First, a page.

Donald's Encyclopedia of Popular Music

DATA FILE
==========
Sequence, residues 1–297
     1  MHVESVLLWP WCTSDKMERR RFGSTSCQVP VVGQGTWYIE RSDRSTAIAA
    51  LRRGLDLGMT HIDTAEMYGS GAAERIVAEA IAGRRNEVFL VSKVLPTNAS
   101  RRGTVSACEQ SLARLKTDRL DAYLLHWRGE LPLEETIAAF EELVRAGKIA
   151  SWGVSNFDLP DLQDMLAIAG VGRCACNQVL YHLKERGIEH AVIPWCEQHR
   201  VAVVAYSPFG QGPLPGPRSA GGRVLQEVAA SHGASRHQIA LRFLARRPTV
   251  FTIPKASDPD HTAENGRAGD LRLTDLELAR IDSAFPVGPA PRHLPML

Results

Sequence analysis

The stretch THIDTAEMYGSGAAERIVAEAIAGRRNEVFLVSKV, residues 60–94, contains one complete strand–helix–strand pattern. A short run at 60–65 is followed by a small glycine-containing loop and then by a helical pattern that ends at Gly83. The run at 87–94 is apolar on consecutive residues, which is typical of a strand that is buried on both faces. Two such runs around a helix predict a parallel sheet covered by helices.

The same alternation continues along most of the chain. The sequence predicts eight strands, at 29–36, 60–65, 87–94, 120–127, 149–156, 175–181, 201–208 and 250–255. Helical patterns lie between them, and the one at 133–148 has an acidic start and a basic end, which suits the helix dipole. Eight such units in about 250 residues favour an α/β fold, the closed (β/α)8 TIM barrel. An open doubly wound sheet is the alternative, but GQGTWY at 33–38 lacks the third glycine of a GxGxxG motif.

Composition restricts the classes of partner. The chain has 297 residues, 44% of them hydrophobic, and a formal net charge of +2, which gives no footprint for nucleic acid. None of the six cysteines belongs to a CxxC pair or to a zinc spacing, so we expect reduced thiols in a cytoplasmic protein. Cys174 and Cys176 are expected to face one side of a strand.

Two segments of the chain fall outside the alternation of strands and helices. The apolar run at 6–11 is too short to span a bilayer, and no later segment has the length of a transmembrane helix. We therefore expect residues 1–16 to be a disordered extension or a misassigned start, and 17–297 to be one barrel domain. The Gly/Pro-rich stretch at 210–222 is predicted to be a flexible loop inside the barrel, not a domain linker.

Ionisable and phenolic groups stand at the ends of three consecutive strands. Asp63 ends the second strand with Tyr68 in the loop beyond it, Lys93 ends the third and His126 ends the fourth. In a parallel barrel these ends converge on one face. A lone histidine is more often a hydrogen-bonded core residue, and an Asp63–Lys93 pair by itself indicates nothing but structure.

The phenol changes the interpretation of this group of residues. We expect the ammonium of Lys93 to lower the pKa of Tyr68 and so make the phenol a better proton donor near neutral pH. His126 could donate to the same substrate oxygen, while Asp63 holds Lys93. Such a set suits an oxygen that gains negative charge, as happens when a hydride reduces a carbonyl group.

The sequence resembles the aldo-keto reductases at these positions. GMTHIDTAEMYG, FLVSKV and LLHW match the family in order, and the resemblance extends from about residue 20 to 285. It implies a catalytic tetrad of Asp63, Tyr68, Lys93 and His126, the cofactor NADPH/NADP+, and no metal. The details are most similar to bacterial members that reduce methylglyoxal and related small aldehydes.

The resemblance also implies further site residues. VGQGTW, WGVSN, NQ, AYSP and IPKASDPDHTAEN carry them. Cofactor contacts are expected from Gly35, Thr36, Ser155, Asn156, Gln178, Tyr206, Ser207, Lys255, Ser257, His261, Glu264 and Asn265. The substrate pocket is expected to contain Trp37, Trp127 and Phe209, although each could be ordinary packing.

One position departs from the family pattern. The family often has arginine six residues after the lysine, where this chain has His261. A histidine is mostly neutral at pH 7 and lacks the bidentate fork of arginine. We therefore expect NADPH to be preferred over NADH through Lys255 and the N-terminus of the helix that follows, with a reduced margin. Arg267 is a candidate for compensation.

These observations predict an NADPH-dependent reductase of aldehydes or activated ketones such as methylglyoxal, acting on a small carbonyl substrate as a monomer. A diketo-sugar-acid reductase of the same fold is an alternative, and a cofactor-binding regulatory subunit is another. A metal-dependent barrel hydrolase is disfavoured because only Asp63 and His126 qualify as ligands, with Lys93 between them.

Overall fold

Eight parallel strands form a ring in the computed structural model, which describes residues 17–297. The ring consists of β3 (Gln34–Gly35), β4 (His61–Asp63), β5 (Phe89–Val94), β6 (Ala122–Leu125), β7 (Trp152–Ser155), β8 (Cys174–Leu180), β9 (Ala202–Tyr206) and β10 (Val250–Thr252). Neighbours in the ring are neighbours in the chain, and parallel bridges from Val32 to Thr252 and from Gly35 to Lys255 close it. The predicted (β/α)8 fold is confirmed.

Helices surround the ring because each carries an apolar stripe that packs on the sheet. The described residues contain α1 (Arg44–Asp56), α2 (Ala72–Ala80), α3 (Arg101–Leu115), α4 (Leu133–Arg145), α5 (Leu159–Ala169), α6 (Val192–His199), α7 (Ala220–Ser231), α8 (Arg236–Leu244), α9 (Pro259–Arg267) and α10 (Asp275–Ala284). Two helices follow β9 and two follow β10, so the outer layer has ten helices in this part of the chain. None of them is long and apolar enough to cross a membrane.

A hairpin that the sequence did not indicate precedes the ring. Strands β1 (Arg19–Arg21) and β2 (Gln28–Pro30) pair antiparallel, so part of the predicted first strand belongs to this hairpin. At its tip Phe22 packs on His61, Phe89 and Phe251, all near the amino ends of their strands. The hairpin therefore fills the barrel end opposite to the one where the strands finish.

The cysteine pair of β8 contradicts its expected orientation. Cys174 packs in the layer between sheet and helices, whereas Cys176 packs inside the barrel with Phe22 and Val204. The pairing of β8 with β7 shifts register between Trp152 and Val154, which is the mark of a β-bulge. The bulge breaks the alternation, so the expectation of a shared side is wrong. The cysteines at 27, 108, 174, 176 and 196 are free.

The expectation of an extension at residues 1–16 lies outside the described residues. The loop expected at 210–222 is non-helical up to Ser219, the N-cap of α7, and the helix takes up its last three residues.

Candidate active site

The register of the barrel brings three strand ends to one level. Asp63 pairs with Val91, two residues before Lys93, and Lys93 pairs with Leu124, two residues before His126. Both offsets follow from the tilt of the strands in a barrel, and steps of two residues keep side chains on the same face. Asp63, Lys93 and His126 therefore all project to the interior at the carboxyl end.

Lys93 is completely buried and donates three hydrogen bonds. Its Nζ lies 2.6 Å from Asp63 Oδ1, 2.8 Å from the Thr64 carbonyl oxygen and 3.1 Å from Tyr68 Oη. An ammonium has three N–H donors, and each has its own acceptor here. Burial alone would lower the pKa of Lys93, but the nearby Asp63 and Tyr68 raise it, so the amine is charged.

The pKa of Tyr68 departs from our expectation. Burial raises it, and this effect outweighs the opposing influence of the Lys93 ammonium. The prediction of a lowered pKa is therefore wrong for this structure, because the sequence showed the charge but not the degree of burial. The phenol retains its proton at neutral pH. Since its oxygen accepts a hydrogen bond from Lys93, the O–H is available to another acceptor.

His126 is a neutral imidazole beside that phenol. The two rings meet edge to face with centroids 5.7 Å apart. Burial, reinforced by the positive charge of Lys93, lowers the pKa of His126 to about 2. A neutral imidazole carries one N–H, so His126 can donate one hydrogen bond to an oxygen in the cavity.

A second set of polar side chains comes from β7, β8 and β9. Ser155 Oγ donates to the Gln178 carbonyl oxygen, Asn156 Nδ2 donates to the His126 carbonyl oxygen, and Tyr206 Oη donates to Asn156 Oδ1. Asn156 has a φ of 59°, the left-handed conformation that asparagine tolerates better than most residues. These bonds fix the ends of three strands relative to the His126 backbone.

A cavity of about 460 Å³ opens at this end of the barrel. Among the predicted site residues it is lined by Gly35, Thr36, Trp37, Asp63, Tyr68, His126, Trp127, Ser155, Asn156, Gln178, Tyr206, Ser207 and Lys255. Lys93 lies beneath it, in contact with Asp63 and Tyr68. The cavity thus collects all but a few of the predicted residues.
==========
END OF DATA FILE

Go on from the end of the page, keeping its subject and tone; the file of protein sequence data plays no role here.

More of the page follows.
(b 16 May '55, Coventry, England) UK new wave singer. After a turbulent youth spent travelling as singer, English teacher, nude model, she signed with tiny Albion label '78; the strident style she adopted was well- suited to the punk era, but songwriting was often gentler. After flop singles she gained exposure in film Breaking Glass '80, from which came no. 5 single 'Eighth Day'; though film has not worn well, soundtrack LP was no. 5 UK and she won a Variety award for her performance. By the time of Sons And Lovers '80 she had zero credibility with the pop press, having had 'unfair' exposure in the film. The LP did not chart, but catchy 'D-Days' was top ten in less flighty singles market; best single 'Will You' (also from LP) made no. 8 with classic sax break. Cover Plus '81 was no. 32 LP, but her moment had gone. Backing group Megahype split up: Ed Case, drums (ex-999), Andy Quinta, keyboards (went to Icehouse), Wesley Magoogan, sax (went to the Beat), Steve Kinch on bass, brother Neil O'Connor (ex-Flys). She came back in mellower mood on RCA with Smile '84, singles: for Greenpeace with Manfred Mann's Earth Band vocalist Chris Thompson '85, 'Life Could Be So Good' '86 on Red Bus. Her autobiography Uncovered Plus created little interest; management and record company problems are described in book Expensive Habits ('The dark side of the music industry') '86 by Simon Garfield. She should have been a bigger star with proper post-film push, but the fact that the soundtrack LP was on A&M, other records on a tiny not-terribly-competent label didn't help; she appeared in TV series Jangles; played a leading role in Howard Goodall musical Girlfriends '87. On CD: See The Writing On The Wall on Line, To Be Freed on Columbia.